Why and why now?

Today’s global society and economy have greatly increased mobility and are enhancing children’s interactions between cultures like no other time in history. Additionally, students also feel more interconnected than ever due to global digital collaborations. This all means that when you enter nearly any classroom today, you will likely see learners from multiple backgrounds, cultures, and origins. Many of these children speak at least one other language when returning to their homes at the end of the school day. Most research suggests that the majority of individuals worldwide are at least bilingual, and a global perspective is recognized as the norm. Multiculturalism and multilingualism mean many students in today’s classrooms routinely drift back and forth from one language to another throughout the day resulting in different sets of habits at home, school, and in varied social situations.

As parents, advocates, and educators of gifted students, we recognize that this is what today’s learners know. Today’s students were born into a world very different from our own and that of the educators who are teaching our children. We (adults) have wrestled with accepting and learning new approaches, systems, technologies, and human interactions. Yet the children in our schools today know nothing from where we evolved; they see today’s world with fresh and unbiased eyes, ears, and feelings. We (adults) must embrace collaboration by both encouraging our student’s views and experiences and learning from and accepting their experiences, as well.

Evolving attitudes

Multicultural families and globally-raised students are no longer an anomaly. With this new norm based on a global perspective, educators must embrace new practices. Discord arises, however, because many of our children’s teachers speak one language and have lived in one country and one culture, which is oftentimes the dominant culture. Many adult educators continue practices that resonate with those of their upbringings.

Parents influencing schools and educators to reflect our evolving global society

Consider the incredible impact young learners will have on our world this year. Our students form and reform our society by infusing their new global perspectives. Regardless of our training and background, we, as parents and educators, can guide and support by example. This lifelong process extends far beyond acceptance. This progression relies on us encouraging appreciation for the diversity that surrounds our children in our schools and in our homes. Although continuing to grow, this perspective is not new. In 1993, Roland Case asserted in the journal Social Education that, “global education can provide a powerful focus for improving educational quality and help students cope with emerging global realities.”

A recent example of this global reality is when I provided a tour to Aakash, a visiting doctoral student from Purdue University. While visiting a first grade classroom in my self-contained gifted program, Aakash was very excited whilst observing and talking with a number of students. The children were working on “country” projects, creating presentations that described the cultures of the people in that specific country. Students in this class represented several ethnicities and cultures. Aakash found a few students who were from India, from the same region that Aakash called home. An enjoyable sharing of stories emerged making this experience feel warm, tangible, and relatable. These are the embraceable moments that grow our global perspectives locally, regardless of where we reside.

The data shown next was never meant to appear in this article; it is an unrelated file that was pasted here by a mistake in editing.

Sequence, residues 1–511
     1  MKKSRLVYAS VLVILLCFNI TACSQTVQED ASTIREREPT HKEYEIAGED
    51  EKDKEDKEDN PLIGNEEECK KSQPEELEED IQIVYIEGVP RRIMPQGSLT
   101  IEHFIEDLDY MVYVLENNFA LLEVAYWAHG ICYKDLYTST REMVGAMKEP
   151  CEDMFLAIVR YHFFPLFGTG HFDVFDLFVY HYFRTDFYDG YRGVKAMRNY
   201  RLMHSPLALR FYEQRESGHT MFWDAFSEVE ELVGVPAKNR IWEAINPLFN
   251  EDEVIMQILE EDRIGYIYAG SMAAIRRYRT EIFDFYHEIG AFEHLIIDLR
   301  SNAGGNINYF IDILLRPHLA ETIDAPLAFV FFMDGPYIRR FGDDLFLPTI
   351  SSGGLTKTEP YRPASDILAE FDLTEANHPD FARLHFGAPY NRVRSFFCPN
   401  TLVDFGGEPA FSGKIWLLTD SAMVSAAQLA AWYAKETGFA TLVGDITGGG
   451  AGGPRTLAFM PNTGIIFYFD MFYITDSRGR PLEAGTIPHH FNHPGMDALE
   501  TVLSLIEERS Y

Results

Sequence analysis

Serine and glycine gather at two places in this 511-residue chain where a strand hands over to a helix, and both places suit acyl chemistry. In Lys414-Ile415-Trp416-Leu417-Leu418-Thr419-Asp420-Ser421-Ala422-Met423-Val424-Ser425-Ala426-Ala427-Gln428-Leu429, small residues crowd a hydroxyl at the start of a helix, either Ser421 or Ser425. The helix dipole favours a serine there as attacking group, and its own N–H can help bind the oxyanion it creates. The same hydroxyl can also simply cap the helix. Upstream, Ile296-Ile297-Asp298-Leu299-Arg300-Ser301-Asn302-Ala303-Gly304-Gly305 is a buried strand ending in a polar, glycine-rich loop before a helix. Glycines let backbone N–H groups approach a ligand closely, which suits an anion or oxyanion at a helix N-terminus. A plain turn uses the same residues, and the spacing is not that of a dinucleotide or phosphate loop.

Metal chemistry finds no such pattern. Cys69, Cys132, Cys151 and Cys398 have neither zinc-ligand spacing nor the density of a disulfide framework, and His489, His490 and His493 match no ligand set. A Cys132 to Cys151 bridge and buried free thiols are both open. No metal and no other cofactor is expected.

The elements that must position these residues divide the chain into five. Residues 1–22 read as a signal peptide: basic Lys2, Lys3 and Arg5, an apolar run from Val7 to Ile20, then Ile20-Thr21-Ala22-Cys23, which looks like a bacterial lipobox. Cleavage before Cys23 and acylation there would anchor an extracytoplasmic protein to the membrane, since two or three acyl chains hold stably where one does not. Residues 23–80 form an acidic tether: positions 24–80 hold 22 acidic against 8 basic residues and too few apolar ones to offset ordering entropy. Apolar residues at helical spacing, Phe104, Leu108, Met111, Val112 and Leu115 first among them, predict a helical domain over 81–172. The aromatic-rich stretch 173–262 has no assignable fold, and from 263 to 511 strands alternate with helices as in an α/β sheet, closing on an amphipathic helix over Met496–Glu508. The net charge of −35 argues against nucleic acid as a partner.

School practices

We are witnessing steadily growing attention toward diversity throughout our global society. This attention has brought renewed acceptance and respect for diversity in our schools. Our schools must be seen as the impetus for a changing world that embraces a global perspective and envisions compassion and enlightenment. We must encourage schools to celebrate the broad range of languages and cultures that exist within our schools and enrich the lives of our learners. After all, it remains our priority to teach and guide our learners/children in a way that will ultimately shape our global landscape.

To learn how diversity, multiculturalism, and multilingualism are embraced by Paradise Valley School District, listen to the 2016 podcasts on National Public Radio (NPR): The Rare District that Recognizes Gifted Latino Students and Gifted, but Still Learning English, Many Bright Students Get Overlooked.

Parent tips:

  • Stay connected with other families that encourage the learning of language and cultures.
  • Find opportunities to connect with your children socially and collaborate with them on projects driven by their interests.
  • Encourage discovery, understanding, acceptance, and appreciation.

Teacher tips:

  • Imagine a world that, instead of denigrating students as “minority” populations, “language learners,” or “disadvantaged,” sees children/learners as those who can, and will, empower their peers and teachers.
  • Embrace an evolving global society and perspective wherein students of all cultures, races and ethnicities contribute to a globally appreciated perspective on life, learning and universal potential.
  • Enjoy guiding today’s learners and tomorrow’s leaders!

Editor’s note: A version of this blog first appeared on the Gifted Alliance website.

The views expressed herein represent the opinion of the author and not necessarily the Thomas B. Fordham Institute.

Dina Brulles, Ph.D., is an NAGC board member and the director of gifted education at Paradise Valley Unified School District where she has developed a continuum of gifted education programs, preschool through high school. She is also the gifted program coordinator at Arizona State University.